When the first sign of man appeared upon the Earth, there was a need for a way to express himself. Grunting, throwing rocks, growling, stomping, and dragging people around by their hair was just not going to work. Through his frustration, and much trial and error, the man finally figured out what he was going to do, in order to get his point across. He drew a line in the sand and made the first picture. The art materials used were primitive but, they made a breakthrough for what we use today.
It did no good for a wife to hope her husband would be more sensitive. Heck, there were no words so how could she tell him her feelings? Maybe, instead of the man, the woman was the one who developed a form of picture communication. She might have felt she needed some color in her surroundings and decided to draw some pictures on her cave family room. But, what was she going to use for this endeavor?
One avenue which was found to work easily was (and is) charcoal. Ancient civilizations found that burnt wood was quite vibrant in making pictures. Not only was the wood great for warmth, and cooking, it worked well in drawing whatever was in the mind of the artist. The problem was it only came in one color and did not withstand the forces of nature, very well.
All of a sudden, she was exploring all kinds of avenues. She tried numerous types of mortars to get the charcoal to adhere such as spit, dung, urine, egg whites, blood, animal fat, juices from plants, bone marrow, and clays. She tested berries, grasses, flowers, and ground stones to make beautiful concoctions that would stick admirably to her walls.
Some tools which were gathered to apply the paint were: feathers, twigs, animal hair, human hair, fingers, hands, bones, moss, fibrous plant stems, and leaves. The people had to work with what was available to them. Civilizations analyzed what was part of their countryside, and figured out how to incorporate these items into their artwork.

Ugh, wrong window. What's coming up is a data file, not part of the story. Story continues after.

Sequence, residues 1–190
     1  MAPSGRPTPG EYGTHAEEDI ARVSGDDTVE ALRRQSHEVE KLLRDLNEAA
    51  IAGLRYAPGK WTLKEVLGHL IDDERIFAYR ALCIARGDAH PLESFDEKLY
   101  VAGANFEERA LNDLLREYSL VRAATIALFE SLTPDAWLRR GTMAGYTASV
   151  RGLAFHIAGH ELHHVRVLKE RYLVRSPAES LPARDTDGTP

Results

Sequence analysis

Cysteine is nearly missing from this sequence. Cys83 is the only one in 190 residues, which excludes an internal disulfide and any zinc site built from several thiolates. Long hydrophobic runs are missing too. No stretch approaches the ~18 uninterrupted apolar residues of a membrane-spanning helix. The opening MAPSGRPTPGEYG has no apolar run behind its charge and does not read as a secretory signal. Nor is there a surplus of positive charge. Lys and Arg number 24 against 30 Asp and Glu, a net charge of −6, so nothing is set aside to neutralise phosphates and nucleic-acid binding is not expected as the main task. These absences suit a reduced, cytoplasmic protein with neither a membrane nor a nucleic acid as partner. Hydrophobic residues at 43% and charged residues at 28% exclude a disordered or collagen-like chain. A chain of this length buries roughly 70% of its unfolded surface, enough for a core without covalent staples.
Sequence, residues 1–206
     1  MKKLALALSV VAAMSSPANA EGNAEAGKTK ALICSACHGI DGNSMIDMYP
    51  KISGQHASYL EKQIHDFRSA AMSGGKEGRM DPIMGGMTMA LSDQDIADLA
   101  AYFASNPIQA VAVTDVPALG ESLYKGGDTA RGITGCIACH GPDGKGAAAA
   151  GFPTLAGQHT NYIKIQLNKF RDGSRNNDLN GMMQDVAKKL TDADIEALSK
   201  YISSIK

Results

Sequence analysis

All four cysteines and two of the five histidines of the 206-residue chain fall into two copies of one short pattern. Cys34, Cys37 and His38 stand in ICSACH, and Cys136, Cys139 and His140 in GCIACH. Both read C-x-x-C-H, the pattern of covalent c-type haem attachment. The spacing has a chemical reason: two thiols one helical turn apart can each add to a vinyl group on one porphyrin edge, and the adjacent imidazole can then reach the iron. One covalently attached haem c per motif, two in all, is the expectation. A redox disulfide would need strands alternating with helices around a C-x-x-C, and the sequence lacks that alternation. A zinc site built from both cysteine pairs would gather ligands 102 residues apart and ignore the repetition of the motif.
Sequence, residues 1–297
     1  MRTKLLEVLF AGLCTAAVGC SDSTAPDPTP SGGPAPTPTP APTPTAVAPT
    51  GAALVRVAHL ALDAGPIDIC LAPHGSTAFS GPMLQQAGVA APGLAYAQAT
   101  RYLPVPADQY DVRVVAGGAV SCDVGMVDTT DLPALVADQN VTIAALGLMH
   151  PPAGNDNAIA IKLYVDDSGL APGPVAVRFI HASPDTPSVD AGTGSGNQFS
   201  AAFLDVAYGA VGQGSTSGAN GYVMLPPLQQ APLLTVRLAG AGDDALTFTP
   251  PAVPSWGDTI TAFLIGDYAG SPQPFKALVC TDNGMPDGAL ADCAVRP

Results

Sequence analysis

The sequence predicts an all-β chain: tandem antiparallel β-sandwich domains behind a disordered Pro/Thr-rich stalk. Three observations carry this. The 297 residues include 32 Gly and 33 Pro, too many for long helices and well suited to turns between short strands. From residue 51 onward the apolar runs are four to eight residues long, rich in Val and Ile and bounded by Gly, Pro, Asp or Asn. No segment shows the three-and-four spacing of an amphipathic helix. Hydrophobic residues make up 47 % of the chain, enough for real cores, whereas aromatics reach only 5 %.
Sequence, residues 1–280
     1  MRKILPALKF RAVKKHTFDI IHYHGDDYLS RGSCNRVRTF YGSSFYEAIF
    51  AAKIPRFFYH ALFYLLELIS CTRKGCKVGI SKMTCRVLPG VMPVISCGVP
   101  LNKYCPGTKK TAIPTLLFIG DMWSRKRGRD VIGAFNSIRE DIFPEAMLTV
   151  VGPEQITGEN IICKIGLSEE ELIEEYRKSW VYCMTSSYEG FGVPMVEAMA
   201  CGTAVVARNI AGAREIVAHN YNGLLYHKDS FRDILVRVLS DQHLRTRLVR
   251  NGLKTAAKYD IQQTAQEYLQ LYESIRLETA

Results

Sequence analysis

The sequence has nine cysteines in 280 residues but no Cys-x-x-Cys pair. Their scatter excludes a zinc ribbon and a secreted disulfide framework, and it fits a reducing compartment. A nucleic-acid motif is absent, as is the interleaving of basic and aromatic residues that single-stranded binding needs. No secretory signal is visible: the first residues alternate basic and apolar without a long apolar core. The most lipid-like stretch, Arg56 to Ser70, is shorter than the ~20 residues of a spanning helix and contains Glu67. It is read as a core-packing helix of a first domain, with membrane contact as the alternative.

Once she became very good at her art, she thought it would be nice to show her friends what she had done to her place. But, they lived far away and even though she tried to recreate her paintings on smaller rocks, they just did not do the original piece justice. The last rock portion she attempted to take, just about ripped her back out of socket!
Tree bark, animal skins, large leaves, and slabs of stones were all used in transporting various paintings, drawings, and sketches. It was a good idea at the beginning but, eventually, it was seen that the leaves and tree bark would decompose rapidly. This erased the traces of the work that had been done. Stone slabs were fine unless there were too many and this caused problems when they had to be moved. When paper finally made its appearance, you can bet your bottom dollar, everyone breathed a sigh of relief.
The next time you decide to paint or sketch a picture, think about those who came up with the idea for all the art materials available in the world. Since you were blessed to be born in this era, you only have to purchase the items from your local hobby store. Now, all you have to do is create!